Copying the text just in case the link to the report goes offline:
From this news report: https://www.fauquier.com/news/kennel...OgXcHOvKMLSoME
Fauquier County Sheriff’s Office deputies seized more than 70 dogs on Tuesday, Jan. 28 -- mostly Doberman pinchers and French bulldogs -- from the Canis Maximus kennel, 6205 Beverleys Mill Road in Broad Run. More than 50 poultry and other companion animals were also removed.
Sgt. James Hartman of the FCSO said, “The dogs were found to be in inadequate conditions and suffering from neglect, without access to food and water. The dogs were seized and taken to the Fauquier SPCA for care and shelter. In addition, several deceased animals, both dogs and poultry, were located on the property.”
Irina Barrett, owner of Canis Maximus kennel, was arrested Tuesday afternoon on charges of animal cruelty neglect.
Irina Barrett, 41, owner of the Canis Maximus kennel in Broad Run was arrested Tuesday, Jan. 28 on one felony charge of cruelty to animals resulting in death and one charge of misdemeanor neglect of companion animals.
Barrett was held on a $2,500 secured bond at the time of her arrest. Future charges are anticipated as the investigation continues.
The police investigation began earlier this month, according to the search warrant, when a female Doberman pincher puppy named Yeva was left unclaimed at the Main Street Veterinary Hospital in Reisterstown, Maryland. The dog died.
The Baltimore County Police Department conducted an investigation and determined that the dog exhibited signs of prolonged neglect. It was reported that the puppy was owned by Irina Barrett, owner of the Canis Maximus kennel.
The search warrant quotes a Fauquier County deputy, “I have also viewed Yeva … which … appears emaciated and neglected …”
Hartman said that the deceased dog “was transferred to the Fauquier Health Department Agriculture Laboratory for necropsy. Animal Control deputies sought a search warrant for evidence of long-term cruelty and neglect possibly contributing to death. Preliminary results determined the dog did not receive adequate care and endured extreme suffering.”
The kennel has been accused of animal neglect before. In a Jan. 22 Fauquier Times article, Fauquier County humane investigator Hilleary Bogley said that she was the court-appointed humane investigator in January of 2013 during a contentious case of allegations of abuse and neglect at Canis Maximus, which at the time was requesting a rezoning permit by the Fauquier County Board of Zoning Appeals.
In the report filed by Bogley, she described the kennel as a puppy mill -- defined by the Humane Society of the United States as an inhumane, commercial dog-breeding facility in which the health of the dogs is disregarded in order to maintain a low overhead and maximize profits.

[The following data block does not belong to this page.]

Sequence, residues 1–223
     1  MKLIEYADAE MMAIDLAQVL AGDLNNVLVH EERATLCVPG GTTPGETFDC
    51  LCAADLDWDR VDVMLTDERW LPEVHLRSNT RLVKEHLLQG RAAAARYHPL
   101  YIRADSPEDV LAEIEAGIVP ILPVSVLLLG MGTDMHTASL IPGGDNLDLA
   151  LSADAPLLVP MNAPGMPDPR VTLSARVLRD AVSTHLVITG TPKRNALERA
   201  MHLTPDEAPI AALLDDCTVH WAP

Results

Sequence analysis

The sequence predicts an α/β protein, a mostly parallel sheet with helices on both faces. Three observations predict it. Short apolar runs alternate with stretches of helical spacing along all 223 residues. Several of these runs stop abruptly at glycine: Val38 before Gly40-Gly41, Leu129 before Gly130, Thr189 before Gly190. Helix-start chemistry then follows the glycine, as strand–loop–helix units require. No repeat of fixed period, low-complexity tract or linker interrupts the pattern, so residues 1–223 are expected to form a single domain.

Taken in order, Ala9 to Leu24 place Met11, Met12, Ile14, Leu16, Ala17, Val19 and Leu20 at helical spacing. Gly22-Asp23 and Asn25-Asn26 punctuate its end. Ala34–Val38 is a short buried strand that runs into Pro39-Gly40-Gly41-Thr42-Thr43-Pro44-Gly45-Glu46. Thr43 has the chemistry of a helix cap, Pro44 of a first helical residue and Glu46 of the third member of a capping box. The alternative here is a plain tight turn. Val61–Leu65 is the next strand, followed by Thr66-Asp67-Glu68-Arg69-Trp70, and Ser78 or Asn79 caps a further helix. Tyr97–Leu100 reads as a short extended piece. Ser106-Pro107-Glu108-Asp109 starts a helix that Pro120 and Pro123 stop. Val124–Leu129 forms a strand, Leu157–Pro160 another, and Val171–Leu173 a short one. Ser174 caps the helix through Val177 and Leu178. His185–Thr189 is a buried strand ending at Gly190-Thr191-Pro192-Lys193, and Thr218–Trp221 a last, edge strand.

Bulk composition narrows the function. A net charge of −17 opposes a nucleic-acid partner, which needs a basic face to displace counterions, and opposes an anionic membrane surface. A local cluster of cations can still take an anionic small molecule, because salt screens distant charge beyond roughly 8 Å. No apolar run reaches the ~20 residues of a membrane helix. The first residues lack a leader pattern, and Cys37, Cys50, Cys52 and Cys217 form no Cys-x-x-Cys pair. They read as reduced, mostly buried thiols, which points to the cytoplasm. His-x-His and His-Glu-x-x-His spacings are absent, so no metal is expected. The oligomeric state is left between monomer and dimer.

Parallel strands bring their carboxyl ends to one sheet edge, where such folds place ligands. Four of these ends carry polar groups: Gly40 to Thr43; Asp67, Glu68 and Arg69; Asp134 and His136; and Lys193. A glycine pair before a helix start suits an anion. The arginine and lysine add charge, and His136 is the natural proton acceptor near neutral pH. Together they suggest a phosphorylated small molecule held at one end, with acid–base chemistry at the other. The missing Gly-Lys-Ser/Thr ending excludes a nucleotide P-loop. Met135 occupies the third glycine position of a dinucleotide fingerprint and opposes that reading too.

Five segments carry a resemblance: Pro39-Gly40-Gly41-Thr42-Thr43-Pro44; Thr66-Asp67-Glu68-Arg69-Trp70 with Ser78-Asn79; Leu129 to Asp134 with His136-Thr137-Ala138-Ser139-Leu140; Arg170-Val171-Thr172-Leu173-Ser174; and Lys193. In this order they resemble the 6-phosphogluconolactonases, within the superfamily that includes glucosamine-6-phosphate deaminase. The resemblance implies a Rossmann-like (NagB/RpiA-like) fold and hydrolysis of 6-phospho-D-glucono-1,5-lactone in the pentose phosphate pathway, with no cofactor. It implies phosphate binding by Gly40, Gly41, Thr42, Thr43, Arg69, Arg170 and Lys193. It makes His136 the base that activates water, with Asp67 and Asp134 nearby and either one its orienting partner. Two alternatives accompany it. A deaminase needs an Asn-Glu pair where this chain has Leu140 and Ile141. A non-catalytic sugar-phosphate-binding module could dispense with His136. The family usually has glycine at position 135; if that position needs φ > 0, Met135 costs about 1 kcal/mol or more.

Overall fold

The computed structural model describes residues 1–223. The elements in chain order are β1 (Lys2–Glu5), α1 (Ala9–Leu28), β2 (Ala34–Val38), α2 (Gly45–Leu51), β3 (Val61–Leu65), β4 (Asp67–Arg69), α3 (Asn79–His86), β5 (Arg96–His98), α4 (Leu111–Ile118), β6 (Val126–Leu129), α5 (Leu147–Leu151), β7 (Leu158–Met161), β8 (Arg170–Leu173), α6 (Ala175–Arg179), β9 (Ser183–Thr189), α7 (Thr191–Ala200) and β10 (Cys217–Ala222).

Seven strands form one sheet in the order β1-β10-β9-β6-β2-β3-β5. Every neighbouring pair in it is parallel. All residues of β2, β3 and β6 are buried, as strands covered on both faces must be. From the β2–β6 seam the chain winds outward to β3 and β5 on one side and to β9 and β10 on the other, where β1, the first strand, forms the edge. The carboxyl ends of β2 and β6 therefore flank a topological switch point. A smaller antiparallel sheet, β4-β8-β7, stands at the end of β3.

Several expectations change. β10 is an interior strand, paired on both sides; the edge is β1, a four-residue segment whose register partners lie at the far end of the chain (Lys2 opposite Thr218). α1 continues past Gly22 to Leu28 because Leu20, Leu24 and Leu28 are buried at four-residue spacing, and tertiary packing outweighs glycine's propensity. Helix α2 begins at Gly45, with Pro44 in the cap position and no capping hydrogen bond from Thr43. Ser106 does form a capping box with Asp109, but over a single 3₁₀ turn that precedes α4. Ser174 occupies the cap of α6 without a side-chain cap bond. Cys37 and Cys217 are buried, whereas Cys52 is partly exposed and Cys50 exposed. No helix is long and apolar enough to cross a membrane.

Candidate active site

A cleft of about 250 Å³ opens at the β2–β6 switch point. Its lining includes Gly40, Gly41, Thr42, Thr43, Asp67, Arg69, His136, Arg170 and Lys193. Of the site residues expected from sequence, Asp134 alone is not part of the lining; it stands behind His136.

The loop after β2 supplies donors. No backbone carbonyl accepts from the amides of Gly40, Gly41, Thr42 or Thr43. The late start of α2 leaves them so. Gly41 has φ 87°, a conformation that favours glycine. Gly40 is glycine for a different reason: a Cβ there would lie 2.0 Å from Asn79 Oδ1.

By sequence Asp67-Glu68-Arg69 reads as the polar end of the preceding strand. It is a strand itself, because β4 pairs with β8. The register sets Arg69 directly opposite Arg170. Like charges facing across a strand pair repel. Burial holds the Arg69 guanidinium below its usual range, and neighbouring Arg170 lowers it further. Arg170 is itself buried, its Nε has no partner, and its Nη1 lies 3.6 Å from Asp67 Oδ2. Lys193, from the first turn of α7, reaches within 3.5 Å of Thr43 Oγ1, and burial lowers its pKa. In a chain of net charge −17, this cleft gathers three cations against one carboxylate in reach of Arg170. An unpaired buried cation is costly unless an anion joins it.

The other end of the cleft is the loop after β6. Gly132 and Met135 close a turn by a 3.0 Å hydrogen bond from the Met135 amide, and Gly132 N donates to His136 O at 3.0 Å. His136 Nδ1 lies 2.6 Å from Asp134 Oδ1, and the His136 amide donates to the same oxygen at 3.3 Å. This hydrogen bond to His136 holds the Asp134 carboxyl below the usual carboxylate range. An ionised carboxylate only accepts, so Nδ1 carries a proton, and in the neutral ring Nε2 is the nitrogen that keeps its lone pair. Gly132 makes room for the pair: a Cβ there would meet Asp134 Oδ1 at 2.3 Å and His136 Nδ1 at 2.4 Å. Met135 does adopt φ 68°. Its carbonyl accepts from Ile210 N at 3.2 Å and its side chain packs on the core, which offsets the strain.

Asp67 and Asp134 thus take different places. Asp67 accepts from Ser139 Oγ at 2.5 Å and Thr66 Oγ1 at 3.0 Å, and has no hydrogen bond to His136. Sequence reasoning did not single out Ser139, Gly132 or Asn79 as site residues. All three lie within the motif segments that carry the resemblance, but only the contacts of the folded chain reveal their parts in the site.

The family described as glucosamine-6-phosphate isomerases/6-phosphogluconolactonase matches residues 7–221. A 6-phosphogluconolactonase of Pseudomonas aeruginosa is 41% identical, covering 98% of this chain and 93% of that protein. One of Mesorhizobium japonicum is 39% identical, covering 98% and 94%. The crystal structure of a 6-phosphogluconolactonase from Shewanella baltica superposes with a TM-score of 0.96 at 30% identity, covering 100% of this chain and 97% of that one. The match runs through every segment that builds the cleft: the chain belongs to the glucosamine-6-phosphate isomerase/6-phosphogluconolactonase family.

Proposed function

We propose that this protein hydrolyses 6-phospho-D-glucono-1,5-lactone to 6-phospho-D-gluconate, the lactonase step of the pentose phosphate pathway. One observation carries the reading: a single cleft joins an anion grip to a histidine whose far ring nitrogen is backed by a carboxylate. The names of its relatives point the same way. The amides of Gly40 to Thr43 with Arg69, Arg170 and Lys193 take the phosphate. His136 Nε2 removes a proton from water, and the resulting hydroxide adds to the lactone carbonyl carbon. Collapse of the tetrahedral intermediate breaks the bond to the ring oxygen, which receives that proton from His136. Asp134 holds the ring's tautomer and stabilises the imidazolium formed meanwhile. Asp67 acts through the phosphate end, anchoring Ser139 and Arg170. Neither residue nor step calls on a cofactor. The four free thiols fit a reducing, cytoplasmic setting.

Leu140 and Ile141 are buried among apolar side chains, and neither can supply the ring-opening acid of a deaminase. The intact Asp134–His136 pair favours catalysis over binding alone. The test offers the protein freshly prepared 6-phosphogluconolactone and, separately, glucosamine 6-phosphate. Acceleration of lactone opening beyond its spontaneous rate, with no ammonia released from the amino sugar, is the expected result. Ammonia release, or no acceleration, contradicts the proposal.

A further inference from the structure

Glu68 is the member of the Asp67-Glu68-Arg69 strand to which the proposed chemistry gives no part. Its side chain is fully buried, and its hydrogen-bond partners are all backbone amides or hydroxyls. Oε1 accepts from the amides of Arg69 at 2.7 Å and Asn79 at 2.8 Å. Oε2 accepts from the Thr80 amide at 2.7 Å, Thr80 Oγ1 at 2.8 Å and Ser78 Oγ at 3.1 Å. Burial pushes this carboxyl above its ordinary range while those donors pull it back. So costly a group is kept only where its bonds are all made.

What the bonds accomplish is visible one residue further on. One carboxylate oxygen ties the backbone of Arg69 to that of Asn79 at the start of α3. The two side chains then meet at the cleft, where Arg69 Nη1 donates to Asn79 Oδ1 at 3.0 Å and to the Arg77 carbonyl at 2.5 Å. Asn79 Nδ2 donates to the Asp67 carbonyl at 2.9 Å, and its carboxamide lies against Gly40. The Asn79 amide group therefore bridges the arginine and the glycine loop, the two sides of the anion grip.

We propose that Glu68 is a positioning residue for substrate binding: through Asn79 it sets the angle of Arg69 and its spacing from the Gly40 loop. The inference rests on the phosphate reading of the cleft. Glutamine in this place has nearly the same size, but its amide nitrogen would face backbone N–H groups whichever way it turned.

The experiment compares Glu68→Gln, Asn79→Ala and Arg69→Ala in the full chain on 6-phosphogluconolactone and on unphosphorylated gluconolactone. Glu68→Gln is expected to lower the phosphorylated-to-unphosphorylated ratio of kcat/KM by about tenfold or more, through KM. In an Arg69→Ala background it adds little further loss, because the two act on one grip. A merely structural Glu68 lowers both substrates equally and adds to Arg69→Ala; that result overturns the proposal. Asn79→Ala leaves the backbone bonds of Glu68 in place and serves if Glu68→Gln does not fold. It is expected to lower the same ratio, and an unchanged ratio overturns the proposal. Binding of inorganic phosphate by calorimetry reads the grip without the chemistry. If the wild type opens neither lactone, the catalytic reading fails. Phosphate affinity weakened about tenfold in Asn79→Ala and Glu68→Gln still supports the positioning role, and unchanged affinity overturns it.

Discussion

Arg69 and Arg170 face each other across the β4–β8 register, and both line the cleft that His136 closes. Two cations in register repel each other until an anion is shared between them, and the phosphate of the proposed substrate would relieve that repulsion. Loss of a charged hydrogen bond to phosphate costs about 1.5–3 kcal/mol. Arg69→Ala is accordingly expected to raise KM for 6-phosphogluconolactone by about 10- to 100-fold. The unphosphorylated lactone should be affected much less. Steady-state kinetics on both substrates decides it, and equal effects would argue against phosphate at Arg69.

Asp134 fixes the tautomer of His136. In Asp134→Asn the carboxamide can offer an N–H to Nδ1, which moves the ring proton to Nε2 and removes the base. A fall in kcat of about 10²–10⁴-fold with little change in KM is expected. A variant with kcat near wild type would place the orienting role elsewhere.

Bogley’s report provided details about numerous medical issues in the dogs at the kennel, and cramped and filthy conditions.
Bogley’s report said, in part, “We … walked around the house to a room to the right of the garage where there were two 6-foot by 6-foot kennels. There was no ventilation in this room and again a strong stench of urine and feces filled the air. The walls were streaked in mud and feces. Both pens had urine-soaked newspapers with a good amount of urine and feces. The dogs were unable to get out of their own waste.
“In the first pen there were four teenage Doberman puppies all that had dirty bandages on their ears from a current ear cropping surgery. In the second pen there were eight teenage Great Dane puppies. Several of the Dane puppies looked underweight, acted fearful/unsocialized, and several had severe to moderate hair loss/lesions that appeared to be generalized demodectic mange.”
The report stated, “none of the dogs had food or water bowls or access to water and she [Barrett] explained that they make too big of a mess when they are permitted to have water so she only allows them to drink three or four times a day when she offers water.”
Bogley reported at the time that there were approximately 50 dogs housed at Barrett’s home.
At that time, Bogley recommended that the Board of Zoning Appeals grant the Canis Maximum kennel owner a license for no more than 12 dogs. The kennel owner sued Bogley and the foundation for $1.35 million for defamation in response to the report. Bogley said that the kennel owner ultimately surrendered 12 of her dogs to the Middleburg Humane Foundation for adoption. Her request for rezoning was denied 5-0. The lawsuit against Bogley and MHF was ultimately dismissed.
In the current investigation, Fauquier County Sheriff’s Office Animal Control received assistance from the Stafford County Sheriff’s Office, Fauquier County Commonwealth’s Attorney, Fauquier County SPCA and the Virginia Attorney General’s Office Animal Law Unit.